Mosquito flight sound extraction

Dear Audacity forum,
We are studying African malaria mosquitoes’ flight behavior. We tether them inside a flight tube and record their flight for 10 hours using voice recorders (44100 or 8000 Hz, mono).
This results with large files which we need to extract the amount of flight from (the mosquitoes only fly for short periods of time, if any). Mosquito flight sound is generally between 500-2000 Hz.
I was wondering if there was any way to extract only the flight sound from these files, by either telling audacity what to look for, or better yet have Audacity export a data file and use R to extract the flight data somehow…
Any ideas on how I could do this?
We use Windows 7, Audacity 2.1.0 installed from zip file.
Love Audacity,

tethered flight Audacity output.jpg

You could remove frequencies outside of the range of interest using the Equalization effect. You would need settings similar to this:
After filtering, there ‘may’ be enough amplitude difference between flying/not flying to be able to use “Sound Finder” (, or simply to be able to see the flying sounds by looking at the waveform (zoom as appropriate:

If you do use Sound Finder, I would suggest that you don’t run it on more than about an hour at a time. Nyquist plug-ins (Sound Finder is a Nyquist Plug-in) often have trouble with very long selections.

Thanks Steve for your prompt reply!
Can Audacity export the sound result after Equalization as a csv file for analysis elsewhere?
I have no difficulty in ‘seeing’ flight, I want to have it automatically extracted from the 10 hr file.
It’s actually more complicated since the flight sound varies in frequency as well, so I kind of answered my self here…

“Sound Finder” creates “labels” ( which may be exported as a text file.

The fundamental-frequency of some mosquitoes goes as low as 350Hz …

Again if there is enough amplitude difference between flight/non-flight you “may” be able to use Truncate Silence to remove the non-flight sections and so make a track that only contains flight sounds.

Again if the flight sounds are loud enough, you could try Sound Activated Recording.


Thanks Trebor.
I actually know the work and the people - both wonderful!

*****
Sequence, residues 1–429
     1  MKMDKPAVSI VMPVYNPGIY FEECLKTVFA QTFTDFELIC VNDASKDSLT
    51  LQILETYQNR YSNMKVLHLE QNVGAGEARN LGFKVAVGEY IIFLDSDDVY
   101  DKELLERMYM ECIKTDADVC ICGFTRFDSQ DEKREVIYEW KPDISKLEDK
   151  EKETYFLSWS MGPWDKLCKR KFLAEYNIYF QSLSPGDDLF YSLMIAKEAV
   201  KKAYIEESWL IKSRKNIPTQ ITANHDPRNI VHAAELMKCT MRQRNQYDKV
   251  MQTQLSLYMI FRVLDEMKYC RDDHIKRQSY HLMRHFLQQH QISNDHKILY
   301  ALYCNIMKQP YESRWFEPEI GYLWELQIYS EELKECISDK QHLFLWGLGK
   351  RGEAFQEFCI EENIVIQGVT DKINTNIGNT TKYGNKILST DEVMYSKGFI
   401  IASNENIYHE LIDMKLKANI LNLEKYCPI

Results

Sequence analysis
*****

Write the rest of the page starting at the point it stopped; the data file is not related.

Hoy et al were working with a different species than ours so I guess I should have specified we are working on Anopheles (not Aedes), which have a different fundamental frequency.
Right now I am interested in extracting active flight which generates the higher frequencies usually. Once I know how to isolate the ‘amount’ of flight from the track I can start playing with the range I guess :wink:

Thanks Gale!
The Sound finder does a pretty good job at detecting the flight and can be suitably adjusted for it.
Now how did you say I could extract the (label) data again?

A band pass filter might do it for you. ReaQ plugin will let you adjust the cut-off freqs as you listen.

Have you tried converting the file to mp3?

So is the end objective a separate audio file for each instance of flight?

If so, you can use the region labels created by Sound Finder to export multiple, giving you one audio file for each labelled region.

The labels do not contain text data about the sample amplitude values. Is that what you want in the CSV file? If so, see Analyze > Sample Data Export….


Hi Gale, group!
First - thanks for all the replies and ideas. This is very helpful!
My goal is to learn how much flight took place in the 10 h trial/track, and when.
So I would like to be able to extract the flight periods from the background so I (A) can sum up the total duration, and (B) find out when the flight took place within the track.
Right now I am able to extract most of the flight but when I truncate the ‘silence’ (=background) I am left with a chunk of flight which only gives me the total flight, but not the times it occurred on.

Hi Themickster-
Thanks. No i have not tried these two options.
Can you please elaborate a little to the layman what these two options will do and how to use them?
Thanks :wink:

A “Bandpass” filter would leave behind only the frequencies specified.

MP3 is lossy, so only use it if you need very small files and only for a final, finished file.


Sound Finder made region labels where the flight occurred. You can use File > Export Labels… which gives you a single text file listing the start and end point of each label (in seconds from the start of the track).



Thanks so much. This looks very promising and actually might do just what we need it to do, after learning it and fine tuning :wink: